The code is on Github.
I wanted to code and ship something. Between work and my 11 month-old daughter, I don't have a ton of time for side projects so success would require a project of minimal scope. My free time is also highly volatile: some days I get 4 hours of free time, others I get closer to 0.
So, really, my personal goal was to ship a game before returning to work in January.
It's important to note that it's never been a dream of mine to build this little 2D space shooter. I've dreamt of building huge, persisted 2D gaming worlds connected together like websites from planet to planet. I decided to work on something that was 0.1% of the scope of that dream, and the minimal scope was a huge reason why I was successful. Dream big, but start small.
I've been writing small arcade games for more than 10 years. Typically I use libSDL in C++, but since I was making a web game I wanted to see if the game and UI development skills I've developed in C++ could translate effectively to writing a websocket game in Go. I took a similar "game loop" approach to writing a game as I would in C++, where the world state is updated 30 times a second. This is natural in a single-threaded game rendering to a local screen, but in the async nature of the web would require some quality complexity encapsulation.
I implemented the game approximately using the Actor design pattern I've been experimented with in Go lately. The basic idea is to build software as a series of independent goroutines that communicate only via message passing. Go's channel and goroutine primitives service this pattern well.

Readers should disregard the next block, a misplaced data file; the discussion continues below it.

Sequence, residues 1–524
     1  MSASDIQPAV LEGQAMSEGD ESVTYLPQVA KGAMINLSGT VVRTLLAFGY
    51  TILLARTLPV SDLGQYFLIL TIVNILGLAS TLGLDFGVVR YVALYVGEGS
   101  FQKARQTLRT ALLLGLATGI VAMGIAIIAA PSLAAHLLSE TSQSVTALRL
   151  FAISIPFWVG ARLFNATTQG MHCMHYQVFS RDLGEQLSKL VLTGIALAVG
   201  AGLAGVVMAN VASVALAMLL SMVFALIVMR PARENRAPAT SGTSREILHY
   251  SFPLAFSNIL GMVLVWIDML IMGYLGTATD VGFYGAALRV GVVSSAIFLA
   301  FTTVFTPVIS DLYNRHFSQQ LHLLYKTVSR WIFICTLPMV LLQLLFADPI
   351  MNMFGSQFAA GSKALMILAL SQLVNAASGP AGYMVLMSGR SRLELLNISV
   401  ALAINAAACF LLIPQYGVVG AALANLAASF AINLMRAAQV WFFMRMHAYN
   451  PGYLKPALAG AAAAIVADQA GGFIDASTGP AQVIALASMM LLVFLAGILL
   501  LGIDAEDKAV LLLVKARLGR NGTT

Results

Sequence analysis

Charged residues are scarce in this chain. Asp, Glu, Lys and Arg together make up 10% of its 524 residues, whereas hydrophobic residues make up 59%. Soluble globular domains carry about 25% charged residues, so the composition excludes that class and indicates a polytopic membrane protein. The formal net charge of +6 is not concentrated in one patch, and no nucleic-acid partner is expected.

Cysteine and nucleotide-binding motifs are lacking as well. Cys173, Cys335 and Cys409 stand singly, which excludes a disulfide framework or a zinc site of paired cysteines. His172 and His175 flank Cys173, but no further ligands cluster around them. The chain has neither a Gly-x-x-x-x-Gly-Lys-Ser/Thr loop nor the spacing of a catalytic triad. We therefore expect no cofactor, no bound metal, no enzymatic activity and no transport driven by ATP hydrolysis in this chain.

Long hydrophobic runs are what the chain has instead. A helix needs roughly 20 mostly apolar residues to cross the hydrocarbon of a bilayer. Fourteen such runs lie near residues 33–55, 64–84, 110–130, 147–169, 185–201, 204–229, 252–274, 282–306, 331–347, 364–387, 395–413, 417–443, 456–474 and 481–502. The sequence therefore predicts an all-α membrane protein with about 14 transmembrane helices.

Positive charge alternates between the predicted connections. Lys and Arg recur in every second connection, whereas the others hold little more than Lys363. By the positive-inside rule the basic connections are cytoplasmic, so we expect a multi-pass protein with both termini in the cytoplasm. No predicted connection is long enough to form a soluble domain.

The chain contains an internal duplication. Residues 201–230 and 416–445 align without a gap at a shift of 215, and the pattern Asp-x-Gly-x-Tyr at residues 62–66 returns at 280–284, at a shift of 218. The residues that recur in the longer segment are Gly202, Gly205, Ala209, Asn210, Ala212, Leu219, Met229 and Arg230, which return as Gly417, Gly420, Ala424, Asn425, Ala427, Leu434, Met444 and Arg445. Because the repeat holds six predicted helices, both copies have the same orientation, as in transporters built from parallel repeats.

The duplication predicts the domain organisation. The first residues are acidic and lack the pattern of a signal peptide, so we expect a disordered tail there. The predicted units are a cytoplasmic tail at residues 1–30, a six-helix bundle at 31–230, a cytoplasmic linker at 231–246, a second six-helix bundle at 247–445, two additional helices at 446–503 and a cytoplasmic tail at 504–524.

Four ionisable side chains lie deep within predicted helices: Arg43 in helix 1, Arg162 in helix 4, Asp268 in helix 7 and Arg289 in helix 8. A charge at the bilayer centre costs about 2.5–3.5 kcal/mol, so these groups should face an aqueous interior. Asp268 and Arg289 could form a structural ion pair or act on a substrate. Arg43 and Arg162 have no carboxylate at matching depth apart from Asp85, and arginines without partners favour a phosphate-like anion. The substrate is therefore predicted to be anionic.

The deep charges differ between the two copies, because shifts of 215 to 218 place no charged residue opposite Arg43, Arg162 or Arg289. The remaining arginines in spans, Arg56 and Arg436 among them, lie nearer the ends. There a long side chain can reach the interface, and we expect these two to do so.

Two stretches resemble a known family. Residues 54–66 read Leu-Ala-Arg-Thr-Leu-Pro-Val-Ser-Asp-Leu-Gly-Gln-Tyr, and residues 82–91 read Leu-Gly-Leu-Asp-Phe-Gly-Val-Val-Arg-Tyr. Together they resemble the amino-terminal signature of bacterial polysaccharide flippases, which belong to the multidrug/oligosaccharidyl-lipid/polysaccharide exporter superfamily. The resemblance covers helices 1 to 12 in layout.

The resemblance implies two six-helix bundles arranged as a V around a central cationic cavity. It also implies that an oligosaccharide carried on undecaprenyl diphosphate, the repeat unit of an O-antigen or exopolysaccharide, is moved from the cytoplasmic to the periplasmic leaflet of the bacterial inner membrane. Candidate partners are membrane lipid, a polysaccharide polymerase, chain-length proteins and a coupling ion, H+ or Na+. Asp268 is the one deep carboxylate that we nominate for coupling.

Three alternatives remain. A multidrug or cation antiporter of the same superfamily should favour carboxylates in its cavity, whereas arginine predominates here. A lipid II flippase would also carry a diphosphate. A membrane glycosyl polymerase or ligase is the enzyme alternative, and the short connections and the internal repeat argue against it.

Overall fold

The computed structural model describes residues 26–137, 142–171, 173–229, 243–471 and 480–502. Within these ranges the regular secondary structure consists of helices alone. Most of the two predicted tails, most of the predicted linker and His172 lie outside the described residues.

Since maps are not thread safe in Go you can come up with simple rules about when to make something an Actor: if you need to access the data in >1 context, extract it as it's own goroutine that only exposes a message passing interface. For a caller to receive a value back from another actor, you include a "return channel" in the original message being sent. Now actor A can ask a value from actor B by creating a 'response channel', including it in the message to B, then waiting for a response on the created channel. That's a bit of overhead but it forces you to codify your coupling between modules as the struct being passed from actor to actor, and the benefits outweigh the costs. In some cases, the Game loop actor can keep a reference to the "return" channel to continually send updated world states to the connected players.
The core components of the game are:
- Finds an available game, or creates a new game
- Can generate a 'summary' of all active games
- Websocket Handler
- Connects player to game
- Receives keypresses from websocket, attaches player Id to game event and sends on the game's event channel.
- On connect, passes the gameloop actor it's own channel that subscribes the player to world updates for every new 'frame'.
- Game loop
- Handles player states (who is joined, connected, temporarily disconnected, keys pressed)
- Handles game state (where are the ships, where are the bullets)
- 30x a second it receives a 'timer' event, it reacts to the input keypresses, serializes the game state, and passes it back to all subscribed players.
- Connects over websocket to server
- Draws game & UI when a new game state is received
- sends keypresses back over websocket
The biggest reason I use an Actor / message passing pattern is because I've found in the past it was easy for me to accidentally make highly coupled programs in Go, and the coupling would show up as code that's hard to test. By having modules interconnect with channels, it's very easy to initialize a module and simulate messages on the "wire" to test it's domain of responsibility.
I'm quite happy with the modularity of bitarcade at this point. I've almost finished adding a second multiplayer game, and it was easy to extend the matchmaker to be able to handle >1 game without copying much code.
Pitfalls I avoided